The challenges of shift pattern changes
Working in central London provides fantastic employment opportunities with international market leaders and attracts job seekers for whom career challenges, opportunity and kudos are important components in their search for the perfect job.
Global companies’ staffing strategies have to be flexible and innovative to ensure they attract and retain the best talent whilst maintaining & increasing their market share. Additionally, the demanding commercial times we are experiencing means that the 24/7 work pattern is an ever increasing employment reality.
In some instances, technology means that many of us are able to work remotely but some job roles are just not suited to this set up. This is typically so in firms which are heavily regulated, have complex CRM, CMS, IT systems or deliver work that does not easily lend itself to working from home. It is a given that to achieve business goals in 2012, firms must keep delivering, regardless of the time locally. Increasingly, when many people are thinking about their journey home, others are waking to start the beginning of their working day.
Shift work traditionally is the domain of blue collar workers, however there is an increasing number of office workers for whom working on a regular shift pattern is a way of life. Shift work attracts people whom can benefit from hours that are a million miles away from the traditional 9-5.
Many of our clients at boycerecruitment ask us to recruit roles with non-traditional hours. The earliest adopters of flexible work patterns were the Investment Banks whose global coverage and real time working dynamics have always required people to work long and often antisocial hours.
Job roles for financial institutions include evening team assistants, PAs and receptionists who all ensure that bankers working well into the night have admin support and assistance. Desktop Publishers, whose job is to provide high level presentation materials and graphics, frequently have shifts that work all through the night preparing client critical presentations. City Law Firms and Management Consultancies have followed suit and many have some staff who are required to work late evening, weekend and graveyard shifts.
Financial data vendors, whom report on the financial markets, also need staff with flexible working hours to ensure that the latest prices for the global finance and commodities exchanges are kept updated as each market opens; from Asia in the morning all the way to the Americas later in the day.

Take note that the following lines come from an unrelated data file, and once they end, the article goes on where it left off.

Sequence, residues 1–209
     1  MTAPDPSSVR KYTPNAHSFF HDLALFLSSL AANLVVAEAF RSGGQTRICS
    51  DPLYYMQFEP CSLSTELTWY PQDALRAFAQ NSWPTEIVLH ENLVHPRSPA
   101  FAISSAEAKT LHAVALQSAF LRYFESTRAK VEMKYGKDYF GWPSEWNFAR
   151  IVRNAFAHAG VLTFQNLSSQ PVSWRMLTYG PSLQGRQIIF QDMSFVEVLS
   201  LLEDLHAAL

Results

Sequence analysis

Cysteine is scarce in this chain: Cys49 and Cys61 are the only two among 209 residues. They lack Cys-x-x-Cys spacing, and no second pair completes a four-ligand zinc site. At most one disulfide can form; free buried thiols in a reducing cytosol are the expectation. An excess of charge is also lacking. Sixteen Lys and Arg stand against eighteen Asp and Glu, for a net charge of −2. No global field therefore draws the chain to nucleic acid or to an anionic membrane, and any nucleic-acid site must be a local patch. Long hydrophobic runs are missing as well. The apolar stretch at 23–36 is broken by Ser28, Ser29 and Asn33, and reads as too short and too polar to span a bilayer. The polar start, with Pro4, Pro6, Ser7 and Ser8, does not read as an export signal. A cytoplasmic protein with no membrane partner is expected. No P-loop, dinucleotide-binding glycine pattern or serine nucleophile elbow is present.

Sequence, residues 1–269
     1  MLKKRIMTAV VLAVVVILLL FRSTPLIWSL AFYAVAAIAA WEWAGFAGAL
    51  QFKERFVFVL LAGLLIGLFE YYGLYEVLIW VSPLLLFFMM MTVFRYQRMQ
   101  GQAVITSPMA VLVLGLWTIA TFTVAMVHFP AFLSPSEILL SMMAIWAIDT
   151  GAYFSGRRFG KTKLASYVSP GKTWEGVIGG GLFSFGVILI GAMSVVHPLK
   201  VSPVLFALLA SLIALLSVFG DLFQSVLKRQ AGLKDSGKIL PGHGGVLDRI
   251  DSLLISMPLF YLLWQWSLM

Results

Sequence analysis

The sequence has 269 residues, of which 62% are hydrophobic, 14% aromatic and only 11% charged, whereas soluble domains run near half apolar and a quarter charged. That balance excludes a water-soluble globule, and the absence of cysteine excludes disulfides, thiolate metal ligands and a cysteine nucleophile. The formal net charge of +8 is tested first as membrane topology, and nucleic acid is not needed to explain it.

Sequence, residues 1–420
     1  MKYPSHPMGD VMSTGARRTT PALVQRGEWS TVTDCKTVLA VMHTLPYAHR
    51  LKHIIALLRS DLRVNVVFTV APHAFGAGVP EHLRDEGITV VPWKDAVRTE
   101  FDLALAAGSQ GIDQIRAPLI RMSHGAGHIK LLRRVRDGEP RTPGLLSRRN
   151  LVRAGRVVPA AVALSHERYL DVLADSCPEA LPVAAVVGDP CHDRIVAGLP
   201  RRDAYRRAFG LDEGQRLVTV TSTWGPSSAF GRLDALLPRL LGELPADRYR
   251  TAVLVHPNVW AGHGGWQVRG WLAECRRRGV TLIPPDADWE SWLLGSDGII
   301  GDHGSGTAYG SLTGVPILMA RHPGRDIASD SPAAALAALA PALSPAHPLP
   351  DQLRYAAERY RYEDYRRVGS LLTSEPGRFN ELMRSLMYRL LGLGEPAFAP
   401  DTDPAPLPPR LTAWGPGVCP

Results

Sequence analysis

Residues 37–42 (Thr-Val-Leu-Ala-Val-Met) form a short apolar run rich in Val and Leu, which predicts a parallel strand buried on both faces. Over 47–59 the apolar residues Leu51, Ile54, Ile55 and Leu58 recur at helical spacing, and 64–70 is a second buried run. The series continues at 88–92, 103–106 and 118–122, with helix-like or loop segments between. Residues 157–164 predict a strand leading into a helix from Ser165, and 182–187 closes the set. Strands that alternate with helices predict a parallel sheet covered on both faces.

Editorial roles have a strong tradition of night work with Fleet Street journalists and production staff working late to ensure the paper is ready for publication the next day. This tradition has continued into the digital age. Multilingual editors; summary translate and edit content for online media to ensure that information is received in a timely manner and that information and broadcasts are ready for viewing. Media Relations teams brief the world’ s press on breaking stories as others of us are eating our breakfast, marketing analysts are preparing global news packs for the world’s largest brands by summary translating any media coverage in the previous 24 hours whilst others of us board the tube during rush hour.
Proof readers, translators, telemarketing, media relations and B2B / B2C telephone interviewers are other staff who may be asked to work out of the “normal” working day. During the last 6 months temps working on projects for Asia Pacific have started worked at 6.00 am to catch the Japanese markets, through to late evenings to liaise with US clients all through their working day on the East and West Coasts, and have also worked weekends to capture consumers’ views on products and brands.
Whilst some people are happy to work flexibly on short term projects; for others working flexibly is a necessary way of life. When recruiting for these roles boycerecruitment takes great care to ensure that we understand what is driving people’s decision about the jobs they apply for. We aim to help them to understand the array of jobs that are on offer. Working for us in flexible work at the moment are; composers, writers, students, parents, sculptors, actors, sports people, musicians, photographers, teachers, psychologists, journalists, therapists, fashion designers, furniture makers as well as a whole host of freelancers who work for a few months a year and then travel.
Should you be interested in flexible working or shift based work, think long and hard about who you are and how this work pattern will affect you and those around you.
Remember a job may not be for life anymore, but you will need to do it for longer than Christmas.